Where the grand Banks met the farmer’s son

In October 1766 in St. John’s, a chance encounter took place that would eventually change the world

“For dirt & filth of all Kinds St Johns may in my opinion Reign unrivald,” wrote an unimpressed visitor to Newfoundland almost two and a half centuries ago. “As Every thing here smells of fish,” he added, “so You cannot get any thing that does not Taste of it.”

The gentleman in question was an as-yet little-known English naturalist, and though he might not have been swayed by the cuisine or the hygiene, he would end up with a very good reason to thank the town. For it was there he bumped into a fellow Brit who was also making his first marks on the world, and their chance encounter in St. John’s would lead to one of the most remarkable voyages in history.

The Age Of Wonder

Though many people often claim it, things weren’t better in the past. We are fortunate to be here now, and should be glad, living in a time of advanced medicine, increased longevity, declining violence, and great scientific and technological innovation.

Nonetheless, I do occasionally daydream about what it would have been like to have been born in another time. Of all the periods available, the latter half of the 18th century is the one that most intrigues me.

In this Age of Enlightenment, of Reason, and of Wonder, many extraordinary figures arose. My favourites – for a multitude of factors – were the Lunar Men, but they never made it to Newfoundland, so I shan’t crowbar them into this story.

The two men who did, and whose harbourside meeting in October 1766 was so fateful, were Joseph Banks and James Cook. They couldn’t have come from more different backgrounds. Cook was the son of a Yorkshire farm worker, his first job a shop boy in a grocer’s. Banks was born into wealth and privilege, his father a Member of Parliament and country gentleman.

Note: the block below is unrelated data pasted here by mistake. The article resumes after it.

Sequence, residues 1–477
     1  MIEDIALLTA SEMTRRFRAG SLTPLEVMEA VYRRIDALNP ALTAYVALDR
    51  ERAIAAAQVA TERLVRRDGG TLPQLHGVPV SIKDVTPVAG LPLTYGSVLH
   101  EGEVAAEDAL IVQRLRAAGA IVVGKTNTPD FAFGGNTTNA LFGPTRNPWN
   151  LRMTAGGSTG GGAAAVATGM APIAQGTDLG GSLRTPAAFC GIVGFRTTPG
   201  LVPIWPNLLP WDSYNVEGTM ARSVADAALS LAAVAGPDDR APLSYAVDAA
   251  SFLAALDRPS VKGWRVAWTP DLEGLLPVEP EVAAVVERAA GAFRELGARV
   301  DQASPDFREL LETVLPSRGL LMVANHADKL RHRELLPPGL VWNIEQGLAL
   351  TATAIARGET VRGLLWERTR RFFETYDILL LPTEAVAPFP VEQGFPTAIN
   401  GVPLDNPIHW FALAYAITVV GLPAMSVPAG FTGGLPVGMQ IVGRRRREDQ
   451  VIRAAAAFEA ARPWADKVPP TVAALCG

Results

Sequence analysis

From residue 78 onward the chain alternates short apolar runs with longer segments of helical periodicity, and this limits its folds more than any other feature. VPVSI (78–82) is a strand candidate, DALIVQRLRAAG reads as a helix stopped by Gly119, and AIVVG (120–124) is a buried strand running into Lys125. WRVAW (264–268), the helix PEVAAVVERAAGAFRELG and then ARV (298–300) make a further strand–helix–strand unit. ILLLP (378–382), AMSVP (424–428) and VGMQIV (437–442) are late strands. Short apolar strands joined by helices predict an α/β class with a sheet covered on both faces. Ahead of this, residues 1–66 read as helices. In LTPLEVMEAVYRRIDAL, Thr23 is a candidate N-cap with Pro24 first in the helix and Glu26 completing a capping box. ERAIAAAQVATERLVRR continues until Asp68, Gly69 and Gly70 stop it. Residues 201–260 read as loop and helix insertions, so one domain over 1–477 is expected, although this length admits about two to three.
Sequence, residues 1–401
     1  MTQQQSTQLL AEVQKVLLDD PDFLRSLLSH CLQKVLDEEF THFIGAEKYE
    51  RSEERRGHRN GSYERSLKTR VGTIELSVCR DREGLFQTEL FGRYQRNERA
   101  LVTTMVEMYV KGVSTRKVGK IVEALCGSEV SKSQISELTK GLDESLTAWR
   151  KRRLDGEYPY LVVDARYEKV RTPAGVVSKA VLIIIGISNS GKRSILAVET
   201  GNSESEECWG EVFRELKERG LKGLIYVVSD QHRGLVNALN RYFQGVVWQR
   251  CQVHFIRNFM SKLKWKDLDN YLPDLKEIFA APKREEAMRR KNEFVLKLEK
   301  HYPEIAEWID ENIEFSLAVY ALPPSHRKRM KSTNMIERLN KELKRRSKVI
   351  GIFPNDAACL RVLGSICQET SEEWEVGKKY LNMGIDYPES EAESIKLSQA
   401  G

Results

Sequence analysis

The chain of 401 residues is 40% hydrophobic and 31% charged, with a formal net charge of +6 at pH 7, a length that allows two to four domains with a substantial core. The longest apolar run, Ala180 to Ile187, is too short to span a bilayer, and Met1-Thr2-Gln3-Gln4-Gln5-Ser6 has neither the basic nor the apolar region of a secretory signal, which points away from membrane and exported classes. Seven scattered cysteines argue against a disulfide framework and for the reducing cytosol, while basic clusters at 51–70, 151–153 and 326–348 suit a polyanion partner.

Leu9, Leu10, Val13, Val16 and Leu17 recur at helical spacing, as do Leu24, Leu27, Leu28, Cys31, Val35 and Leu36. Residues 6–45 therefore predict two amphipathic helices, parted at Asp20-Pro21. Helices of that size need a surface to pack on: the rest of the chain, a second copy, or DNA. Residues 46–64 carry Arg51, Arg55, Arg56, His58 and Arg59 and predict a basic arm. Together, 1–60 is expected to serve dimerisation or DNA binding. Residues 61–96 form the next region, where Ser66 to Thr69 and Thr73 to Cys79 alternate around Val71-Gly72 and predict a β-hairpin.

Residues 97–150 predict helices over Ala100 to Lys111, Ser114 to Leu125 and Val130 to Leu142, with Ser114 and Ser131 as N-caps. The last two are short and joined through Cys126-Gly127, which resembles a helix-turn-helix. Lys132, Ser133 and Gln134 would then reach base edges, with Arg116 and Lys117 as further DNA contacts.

Both had an extraordinary drive for discovery, though, and it was this that brought them independently to Newfoundland.

The Navigator and the Naturalist

Having risen through the ranks as a merchant seaman, Cook signed up for the Royal Navy in 1755 and soon proved himself an able navigator and surveyor, not to mention captain. These skills served particularly useful in the Seven Years’ War, his maps helping General Wolfe defeat the French in Quebec.

Consequently, between 1762 and 1767, Cook was commissioned to produce the first detailed surveys of the coastline of Newfoundland and Labrador. The composite map is an astonishingly accurate and detailed piece of work, and was hardly improved upon until the 20th century.

Banks, meanwhile, was a rising star of British science. A strong proponent of the new biological species classification introduced by Carl von Linne, he became an advisor to King George III, but wanted to do something of novelty and significance.

When HMS Niger was commissioned to sail to Chateau Bay, Labrador, and construct a new garrison blockhouse in the summer of 1766, Banks and his friend Constantine John Phipps jumped at the chance to join the trip. Very little was known about the flora and fauna of the region, providing them with an opportunity for detailed studies.

Flora and Fauna

Talking of detailed studies, very little would be known about Banks’s trip if it wasn’t for the tireless detective work of a New Zealand zoologist, Averil Lysaght. In the 1950s and 1960s, she unearthed his diaries in an Australian library and his zoological notebooks in McGill University. Using these, she wrote Joseph Banks In Newfoundland & Labrador, 1766, an amazingly detailed work which earned her a Doctor of Letters from Memorial University.